An estimated 10.1 million people — 4.6 million of them aged 12-34 — watched the public sexual blossoming of Miley Cyrus, the non-performing of Daft Punk, the bat-of-an-eye reunion of ‘N Sync, and the Taylor Swift-to-ex STFU-ing that was the 2013 MTV Video Music Awards on Sunday night. That’s a big step up from last year’s overall audience of 6.1 million but still far short of the 12.4 million who tuned in in 2011 — or the runner-up 11.95 million crowd of 2002. The 4.6 million in the age bracket makes it the No. 1-rated cable entertainment telecast of the year in that key MTV demo. According to Twitter, Cyrus was quite a hit. When Cyrus, dressed up in a Disney-kid-star-image-shedding nude bikini, dry-humped Robin Thicke, who was dressed up as an NFL referee on a night out, as they sang “Blurred Lines,” she set a new Twitter record — 306k tweets per minute — surpassing the previous record holder: Beyonce’s Super Bowl performance.
Related: Parents Television Council and VMAs Continue Their Mutually Beneficial Relationship
VMA performers also included Justin Timberlake, his former band ‘N Sync, and Bruno Mars, MTV noted, adding that after Timberlake won the Michael Jackson Video Vanguard Award, took home three Moonmen for categories including Video Of The Year and received a standing ovation for his endless medley of old hits and nano-second reunion with his old group, Timberlake posted a 1,876 percent increase in sales, while ‘N Sync was up 156%. And remember how Daft Punk famously stood up Stephen Colbert because they were scheduled to perform at the VMAs? Didn’t happen, though they were among the presenters. Another year, TV critics might have worked up a good head of steam over that one — today they were too busy clucking over the show-stopping performance of Miley and Her Reptilian Tongue w/ Foam Finger.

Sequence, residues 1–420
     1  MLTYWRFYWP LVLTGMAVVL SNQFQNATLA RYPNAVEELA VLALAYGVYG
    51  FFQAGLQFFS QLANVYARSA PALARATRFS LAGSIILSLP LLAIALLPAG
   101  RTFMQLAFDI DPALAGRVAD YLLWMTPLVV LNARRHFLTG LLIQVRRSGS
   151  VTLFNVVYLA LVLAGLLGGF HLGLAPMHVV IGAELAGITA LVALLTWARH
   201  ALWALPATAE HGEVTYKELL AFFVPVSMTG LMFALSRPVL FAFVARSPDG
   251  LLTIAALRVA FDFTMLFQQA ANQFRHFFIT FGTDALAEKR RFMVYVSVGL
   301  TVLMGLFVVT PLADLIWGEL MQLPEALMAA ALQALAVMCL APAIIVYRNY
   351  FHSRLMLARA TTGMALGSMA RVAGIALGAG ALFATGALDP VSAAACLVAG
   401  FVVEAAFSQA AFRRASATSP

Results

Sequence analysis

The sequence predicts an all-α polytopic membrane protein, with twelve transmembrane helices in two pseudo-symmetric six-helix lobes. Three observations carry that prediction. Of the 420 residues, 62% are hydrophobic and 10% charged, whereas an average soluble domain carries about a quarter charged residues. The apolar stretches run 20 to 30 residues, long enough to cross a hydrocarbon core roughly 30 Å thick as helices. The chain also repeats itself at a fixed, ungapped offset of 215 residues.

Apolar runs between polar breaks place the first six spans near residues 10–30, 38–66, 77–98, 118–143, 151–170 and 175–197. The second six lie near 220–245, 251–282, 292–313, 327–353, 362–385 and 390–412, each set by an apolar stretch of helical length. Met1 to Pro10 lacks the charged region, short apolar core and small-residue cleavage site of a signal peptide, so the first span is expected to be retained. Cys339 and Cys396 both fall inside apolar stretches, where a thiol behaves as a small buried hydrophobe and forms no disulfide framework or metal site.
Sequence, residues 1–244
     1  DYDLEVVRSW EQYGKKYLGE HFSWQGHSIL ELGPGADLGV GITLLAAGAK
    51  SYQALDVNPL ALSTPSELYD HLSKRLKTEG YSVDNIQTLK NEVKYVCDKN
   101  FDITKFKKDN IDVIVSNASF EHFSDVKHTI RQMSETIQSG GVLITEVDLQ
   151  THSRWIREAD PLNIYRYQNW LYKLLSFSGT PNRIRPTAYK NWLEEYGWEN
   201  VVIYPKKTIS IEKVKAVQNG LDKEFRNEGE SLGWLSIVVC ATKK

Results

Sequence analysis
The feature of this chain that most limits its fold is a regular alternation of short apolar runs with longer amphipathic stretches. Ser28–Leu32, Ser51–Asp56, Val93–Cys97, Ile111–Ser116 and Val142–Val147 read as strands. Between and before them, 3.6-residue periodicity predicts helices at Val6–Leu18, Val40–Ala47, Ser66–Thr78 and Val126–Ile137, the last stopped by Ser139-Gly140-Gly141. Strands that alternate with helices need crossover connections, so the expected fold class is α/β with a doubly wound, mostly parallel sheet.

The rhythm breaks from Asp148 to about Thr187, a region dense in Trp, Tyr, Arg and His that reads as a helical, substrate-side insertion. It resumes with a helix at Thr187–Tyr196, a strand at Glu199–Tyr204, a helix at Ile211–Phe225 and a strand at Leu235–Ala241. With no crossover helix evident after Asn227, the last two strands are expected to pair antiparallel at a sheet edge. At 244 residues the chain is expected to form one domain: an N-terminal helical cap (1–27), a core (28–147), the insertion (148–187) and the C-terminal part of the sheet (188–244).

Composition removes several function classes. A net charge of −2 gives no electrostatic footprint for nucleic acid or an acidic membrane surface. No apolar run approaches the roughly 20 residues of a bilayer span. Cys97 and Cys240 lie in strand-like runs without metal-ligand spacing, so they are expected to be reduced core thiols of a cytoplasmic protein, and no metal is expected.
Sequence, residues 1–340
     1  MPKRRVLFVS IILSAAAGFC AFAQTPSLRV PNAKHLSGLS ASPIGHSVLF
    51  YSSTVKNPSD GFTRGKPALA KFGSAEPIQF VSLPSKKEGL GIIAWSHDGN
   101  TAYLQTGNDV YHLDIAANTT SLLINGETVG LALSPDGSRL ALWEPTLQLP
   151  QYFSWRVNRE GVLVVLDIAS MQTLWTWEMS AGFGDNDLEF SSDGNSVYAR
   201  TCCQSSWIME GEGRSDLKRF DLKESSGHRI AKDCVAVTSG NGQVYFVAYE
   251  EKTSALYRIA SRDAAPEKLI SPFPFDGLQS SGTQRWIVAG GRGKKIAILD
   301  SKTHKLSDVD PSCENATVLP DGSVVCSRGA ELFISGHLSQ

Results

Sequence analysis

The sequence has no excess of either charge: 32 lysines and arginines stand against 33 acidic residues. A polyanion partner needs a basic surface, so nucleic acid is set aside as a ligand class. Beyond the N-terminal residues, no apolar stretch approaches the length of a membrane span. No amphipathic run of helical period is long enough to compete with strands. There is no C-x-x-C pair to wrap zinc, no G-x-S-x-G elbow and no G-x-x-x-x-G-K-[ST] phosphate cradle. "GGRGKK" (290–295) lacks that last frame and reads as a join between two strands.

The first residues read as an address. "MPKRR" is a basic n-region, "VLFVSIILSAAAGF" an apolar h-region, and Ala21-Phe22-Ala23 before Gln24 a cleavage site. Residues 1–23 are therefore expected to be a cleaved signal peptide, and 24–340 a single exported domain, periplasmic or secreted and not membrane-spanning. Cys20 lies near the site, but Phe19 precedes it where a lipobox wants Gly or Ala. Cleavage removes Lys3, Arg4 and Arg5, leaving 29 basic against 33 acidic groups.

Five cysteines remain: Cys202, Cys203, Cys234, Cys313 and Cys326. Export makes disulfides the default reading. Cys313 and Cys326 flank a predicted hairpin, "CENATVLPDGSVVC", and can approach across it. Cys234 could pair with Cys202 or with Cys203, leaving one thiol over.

MTV had to be happy with Sunday’s numbers; last year the VMAs took a dive, when the orgy of image adjusting was moved from its usual Sunday berth to Thursday (its original berth), which put it on the same night President Obama was scheduled to speak at the Democratic National Convention. Making matters worse, just two days before the trophy show, MTV announced it was moving up the ceremony by one hour — to start at 8 PM instead of 9, which had been the show’s start time since 2007 — to blunt the Obama-speech impact. Prior to 2012, the VMAs had been on the rise, jumping to its largest audience in a decade in 2010 and then a new record in 2011.
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